A demo is available here.

This project uses WebGL to render the scene, so a modern browser is required. Works on IE and Chrome, slight bug on FireFox. It's way cooler if you have a Google Cardboard and a mobile device, but it works with the computer. If you don't have a Cardboard, you can toggle stereo vision off by pressing 'CAMERA - STEREO'.


This project was inspired by an effect astronomers use to measure distance for objects far away. If you're in a train and are looking at mountains far away, you probably have noticed that buildings, fields and trees nearby are moving way faster than the mountains. This effect is called parallax.

To measure the distance between us and some of the new stars they discover, astronomers use that effect on a vast scale, and actually use the orbit of the Earth around the Sun. They take a picture of the star next to other stars of known distance, then wait 6 months until the Earth is on the other side of the Sun. This allows astronomers to use trigonometry to calculate the distance between us and the new star.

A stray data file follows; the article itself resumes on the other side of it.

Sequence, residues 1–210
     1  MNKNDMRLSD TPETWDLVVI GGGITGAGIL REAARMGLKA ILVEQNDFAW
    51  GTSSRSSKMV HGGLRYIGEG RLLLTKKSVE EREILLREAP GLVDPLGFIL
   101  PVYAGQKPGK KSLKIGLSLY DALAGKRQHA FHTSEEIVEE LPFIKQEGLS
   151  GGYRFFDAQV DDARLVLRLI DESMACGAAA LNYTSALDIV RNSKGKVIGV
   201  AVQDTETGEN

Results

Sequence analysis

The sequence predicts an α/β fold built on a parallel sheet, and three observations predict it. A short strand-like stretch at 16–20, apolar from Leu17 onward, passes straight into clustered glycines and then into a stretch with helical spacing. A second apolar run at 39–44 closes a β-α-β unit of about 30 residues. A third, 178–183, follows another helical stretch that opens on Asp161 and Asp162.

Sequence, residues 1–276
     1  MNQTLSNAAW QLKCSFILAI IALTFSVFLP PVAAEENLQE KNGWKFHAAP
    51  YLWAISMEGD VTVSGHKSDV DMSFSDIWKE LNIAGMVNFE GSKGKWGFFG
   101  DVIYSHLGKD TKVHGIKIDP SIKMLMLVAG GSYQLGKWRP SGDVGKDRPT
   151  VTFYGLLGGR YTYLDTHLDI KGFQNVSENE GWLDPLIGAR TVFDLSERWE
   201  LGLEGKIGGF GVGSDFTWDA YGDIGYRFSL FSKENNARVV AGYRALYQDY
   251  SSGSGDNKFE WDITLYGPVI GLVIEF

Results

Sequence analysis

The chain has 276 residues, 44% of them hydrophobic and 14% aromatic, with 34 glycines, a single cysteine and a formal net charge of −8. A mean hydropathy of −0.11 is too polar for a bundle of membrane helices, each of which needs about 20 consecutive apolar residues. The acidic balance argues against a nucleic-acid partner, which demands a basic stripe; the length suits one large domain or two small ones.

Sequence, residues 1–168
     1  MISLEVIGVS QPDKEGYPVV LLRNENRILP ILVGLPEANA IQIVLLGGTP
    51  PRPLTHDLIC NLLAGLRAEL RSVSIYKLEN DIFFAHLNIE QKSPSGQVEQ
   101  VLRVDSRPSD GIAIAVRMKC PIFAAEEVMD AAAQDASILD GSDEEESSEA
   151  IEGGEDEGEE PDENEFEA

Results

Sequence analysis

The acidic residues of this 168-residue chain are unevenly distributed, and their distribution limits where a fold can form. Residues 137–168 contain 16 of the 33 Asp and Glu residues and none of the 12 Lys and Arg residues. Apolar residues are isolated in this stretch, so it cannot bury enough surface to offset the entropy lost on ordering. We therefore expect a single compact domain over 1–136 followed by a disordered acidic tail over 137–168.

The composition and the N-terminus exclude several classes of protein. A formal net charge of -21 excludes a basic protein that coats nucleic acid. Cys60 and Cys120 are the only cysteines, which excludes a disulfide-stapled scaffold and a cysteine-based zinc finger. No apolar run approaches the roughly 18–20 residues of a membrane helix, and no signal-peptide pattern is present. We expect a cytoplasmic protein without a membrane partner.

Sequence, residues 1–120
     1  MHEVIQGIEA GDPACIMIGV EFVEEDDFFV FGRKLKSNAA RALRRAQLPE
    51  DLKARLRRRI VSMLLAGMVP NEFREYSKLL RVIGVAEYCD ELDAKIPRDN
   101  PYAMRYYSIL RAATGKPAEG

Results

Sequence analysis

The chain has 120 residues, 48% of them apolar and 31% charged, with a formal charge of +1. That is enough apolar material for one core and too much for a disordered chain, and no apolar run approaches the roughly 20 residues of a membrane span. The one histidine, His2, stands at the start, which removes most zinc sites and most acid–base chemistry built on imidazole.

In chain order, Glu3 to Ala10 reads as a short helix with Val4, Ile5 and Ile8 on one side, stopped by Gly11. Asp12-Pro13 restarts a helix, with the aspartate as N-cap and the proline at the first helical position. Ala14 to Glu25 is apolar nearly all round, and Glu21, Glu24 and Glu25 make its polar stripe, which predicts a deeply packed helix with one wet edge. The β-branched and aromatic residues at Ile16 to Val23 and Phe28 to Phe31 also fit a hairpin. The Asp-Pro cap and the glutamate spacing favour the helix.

The project

But what if we had a space telescope directly at the opposite end of our orbit around the Sun? Sure, we would get the distance of stars immediately instead of having to wait 6 months. What interested me is the potential to see objects around our own Solar system, and see other planets and asteroids as if we had two cameras 6 months apart from each other around the Sun.

This project uses virtual reality to show you the Solar system as if your eyes were directly wired to each of those cameras. You can zoom onto a list of bodies (planets and others), and if you feel adventurous, you can fly around in the solar system.

Technologies and resources

  • The code of this project is made in TypeScript, with BabylonJS (WebGL) to render the solar system. Also uses mathjs for some matrix math.
  • Some planets have textures, thanks to NASA 3D Resources.
  • Coordinates were taken from the HORIZONS system.

Project Information

License: MIT license (MIT)

Source Code/Project URL:


JPL's Horizons -
NASA 3D Resources -
BabylonJS -
MathJS -


  • Louis Carl Pepin